HandOfFate wrote on 2020-09-06, 14:48:
Well, it is a Pentium III 500MHz alright. There is one type of socket (that I didn't know about) that was used for high-end Pent […]
Well, it is a Pentium III 500MHz alright. There is one type of socket (that I didn't know about) that was used for high-end Pentium II's and low-end Pentium III mobile CPUs: MMC-2. HWINFO mentions this socket and a benchmark reveals that the CPU performs at 50% the speed of a P3 1GHz. So that's that.
What does worry me still is the heat it produces. Unfortunately there are no internal sensors that I can read out (the fan is temperature controlled but programs I tried didn't find anything) so I'm not sure if it's getting dangerously warm.
I've thought about putting the P2 366MHz CPU from the other Armada 1750 system board in here but on the other hand this is also cool: A Pentium III with an ESS ES1869, maximum performance with good DOS sound compatibility.
My only idea so far is to replace the spinning HDD with something solid state, probably a disk-on-module. That would remove one source of heat (and noise, the current one is noisy and slow)
Do any of you have any ideas of how I could limit the heat? Can I throttle the CPU somehow?
Ah yes, the MMC-1/MMC-2 modules - the time where Intel thought it’s a good idea to put the CPU and the northbridge onto a single module and sell it that way. Only Apple tried something similar with their CPU modules for the pre-Titanium PowerBooks.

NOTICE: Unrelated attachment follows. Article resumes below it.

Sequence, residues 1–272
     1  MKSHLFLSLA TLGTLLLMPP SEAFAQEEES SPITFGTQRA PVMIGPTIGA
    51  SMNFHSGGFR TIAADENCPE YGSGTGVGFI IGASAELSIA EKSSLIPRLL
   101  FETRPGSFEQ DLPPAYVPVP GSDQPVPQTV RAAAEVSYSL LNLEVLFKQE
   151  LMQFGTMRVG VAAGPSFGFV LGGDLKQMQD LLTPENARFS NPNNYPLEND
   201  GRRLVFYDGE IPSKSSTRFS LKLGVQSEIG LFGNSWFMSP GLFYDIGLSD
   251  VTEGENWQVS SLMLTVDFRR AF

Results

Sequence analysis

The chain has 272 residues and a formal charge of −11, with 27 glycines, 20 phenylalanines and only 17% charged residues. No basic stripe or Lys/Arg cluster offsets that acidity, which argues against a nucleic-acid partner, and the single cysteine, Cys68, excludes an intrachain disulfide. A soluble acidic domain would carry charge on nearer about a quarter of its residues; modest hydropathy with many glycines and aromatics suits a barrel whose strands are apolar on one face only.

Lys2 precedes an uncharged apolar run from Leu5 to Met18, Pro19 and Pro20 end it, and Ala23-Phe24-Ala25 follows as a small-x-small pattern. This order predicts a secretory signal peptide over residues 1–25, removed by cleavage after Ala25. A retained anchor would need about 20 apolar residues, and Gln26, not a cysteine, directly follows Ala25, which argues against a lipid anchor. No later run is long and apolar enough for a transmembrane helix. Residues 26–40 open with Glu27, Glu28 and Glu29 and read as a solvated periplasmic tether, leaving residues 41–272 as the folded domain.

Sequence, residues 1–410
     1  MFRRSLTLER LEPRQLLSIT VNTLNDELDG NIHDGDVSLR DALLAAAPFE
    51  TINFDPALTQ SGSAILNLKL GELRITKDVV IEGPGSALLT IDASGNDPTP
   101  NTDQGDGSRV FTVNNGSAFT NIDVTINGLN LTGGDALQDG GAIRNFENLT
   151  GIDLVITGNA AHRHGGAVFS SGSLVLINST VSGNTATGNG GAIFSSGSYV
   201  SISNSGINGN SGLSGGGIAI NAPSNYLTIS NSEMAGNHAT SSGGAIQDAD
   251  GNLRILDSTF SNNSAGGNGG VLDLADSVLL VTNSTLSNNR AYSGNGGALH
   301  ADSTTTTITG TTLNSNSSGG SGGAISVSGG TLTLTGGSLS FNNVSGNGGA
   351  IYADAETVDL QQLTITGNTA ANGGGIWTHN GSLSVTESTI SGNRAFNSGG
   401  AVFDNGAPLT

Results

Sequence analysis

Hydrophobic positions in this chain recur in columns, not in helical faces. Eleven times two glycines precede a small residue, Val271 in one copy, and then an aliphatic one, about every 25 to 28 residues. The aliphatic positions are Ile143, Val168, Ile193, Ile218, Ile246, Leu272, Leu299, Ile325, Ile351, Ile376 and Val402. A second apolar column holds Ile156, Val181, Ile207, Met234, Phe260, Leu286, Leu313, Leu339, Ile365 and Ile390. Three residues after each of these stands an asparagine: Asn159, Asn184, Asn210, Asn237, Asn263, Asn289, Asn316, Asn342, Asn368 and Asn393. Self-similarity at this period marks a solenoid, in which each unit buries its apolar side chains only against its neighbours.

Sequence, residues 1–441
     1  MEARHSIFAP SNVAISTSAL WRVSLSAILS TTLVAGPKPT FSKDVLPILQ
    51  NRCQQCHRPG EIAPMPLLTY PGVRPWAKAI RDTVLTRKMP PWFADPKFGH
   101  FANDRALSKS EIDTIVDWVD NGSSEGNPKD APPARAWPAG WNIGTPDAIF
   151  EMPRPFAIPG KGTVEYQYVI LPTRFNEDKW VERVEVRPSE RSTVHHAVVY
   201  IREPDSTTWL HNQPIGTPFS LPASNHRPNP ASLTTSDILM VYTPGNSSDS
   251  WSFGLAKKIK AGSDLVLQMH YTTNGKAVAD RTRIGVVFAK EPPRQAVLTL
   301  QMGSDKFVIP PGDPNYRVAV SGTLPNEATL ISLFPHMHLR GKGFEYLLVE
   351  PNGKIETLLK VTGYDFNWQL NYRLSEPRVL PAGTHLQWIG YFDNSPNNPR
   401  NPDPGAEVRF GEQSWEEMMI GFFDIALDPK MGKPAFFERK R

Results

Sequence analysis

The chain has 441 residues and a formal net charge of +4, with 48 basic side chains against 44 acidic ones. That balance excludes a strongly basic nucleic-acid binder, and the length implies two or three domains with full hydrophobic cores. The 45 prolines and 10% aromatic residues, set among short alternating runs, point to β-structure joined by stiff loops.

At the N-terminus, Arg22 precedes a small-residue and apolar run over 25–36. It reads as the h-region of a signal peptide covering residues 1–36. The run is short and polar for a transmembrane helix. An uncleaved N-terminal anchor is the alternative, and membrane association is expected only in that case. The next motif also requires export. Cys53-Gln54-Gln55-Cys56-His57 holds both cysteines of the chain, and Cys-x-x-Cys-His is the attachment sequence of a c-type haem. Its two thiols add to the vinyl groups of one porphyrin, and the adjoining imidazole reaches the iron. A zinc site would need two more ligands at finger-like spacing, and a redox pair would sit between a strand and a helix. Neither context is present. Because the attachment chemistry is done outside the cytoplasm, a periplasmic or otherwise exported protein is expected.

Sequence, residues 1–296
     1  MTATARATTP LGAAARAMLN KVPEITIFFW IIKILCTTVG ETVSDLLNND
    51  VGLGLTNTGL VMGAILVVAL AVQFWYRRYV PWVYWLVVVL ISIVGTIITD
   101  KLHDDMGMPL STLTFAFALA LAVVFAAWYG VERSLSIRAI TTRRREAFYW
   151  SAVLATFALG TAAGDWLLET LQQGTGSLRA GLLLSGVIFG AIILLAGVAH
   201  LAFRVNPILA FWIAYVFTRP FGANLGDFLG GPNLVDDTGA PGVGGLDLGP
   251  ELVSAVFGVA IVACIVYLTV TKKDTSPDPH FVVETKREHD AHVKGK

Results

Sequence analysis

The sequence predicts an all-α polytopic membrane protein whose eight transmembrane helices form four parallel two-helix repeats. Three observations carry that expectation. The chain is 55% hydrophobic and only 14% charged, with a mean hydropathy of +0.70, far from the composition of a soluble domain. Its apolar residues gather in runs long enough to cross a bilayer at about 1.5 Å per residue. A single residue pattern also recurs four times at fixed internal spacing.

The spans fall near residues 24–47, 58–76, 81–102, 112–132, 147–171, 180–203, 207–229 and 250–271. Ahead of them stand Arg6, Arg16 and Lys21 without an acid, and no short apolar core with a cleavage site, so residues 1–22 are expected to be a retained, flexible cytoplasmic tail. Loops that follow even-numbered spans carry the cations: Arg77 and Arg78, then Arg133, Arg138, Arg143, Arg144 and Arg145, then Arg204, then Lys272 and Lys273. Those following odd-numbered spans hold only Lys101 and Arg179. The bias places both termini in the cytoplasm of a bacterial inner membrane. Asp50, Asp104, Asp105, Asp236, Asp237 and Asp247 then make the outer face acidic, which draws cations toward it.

As for the heat, It’ll be fine. I remembered reading blogs of people bragging about souping up their Armada 1750s with P3-500s - the difference in TDP is only from 13w on the Dixon P2 Mobiles to around 17w on the Coppermine P3s. What to do? Clean the fan more often, replace the default thermal compound with better ones and keep the air vents clear of obstructions. 4w of thermals over a 1-2 hour gaming session shouldn’t do much to kill the machine.
As for throttling? Well, this is before the Speedstep was implemented on the P3m, so the only thing you can do is turn off the L2 cache (a large part of the chip real estate).
As for spinner replacement, either go with an mSATA to IDE adapter, or use an SD to IDE adapter. With the mSATA you can probably go with a Kingspec or Venke, while with SD get something name brand like a Sandisk and with a Class 30/V2 rating - endurance is so-so but unless you are planning to use it 24/7, occasional retro-gaming would be fine (I use SDXC on my Thinkpad 560Es and the Thin Clients, and it does just fine). The SD to IDE adapter is internally limited to 25MB/sec transfer rates due to the architecture of the translation chip, but the latency is much better than the old spinners and ran much cooler. DMA is optional - some of the mSATA/SD bridge chips work well with it, some doesn’t.
Note that the southbridge component of the 440BX/ZX chipset common to MMC-2 module machine is restricted to LBA28, so no DMA operations to access anything over 137GB.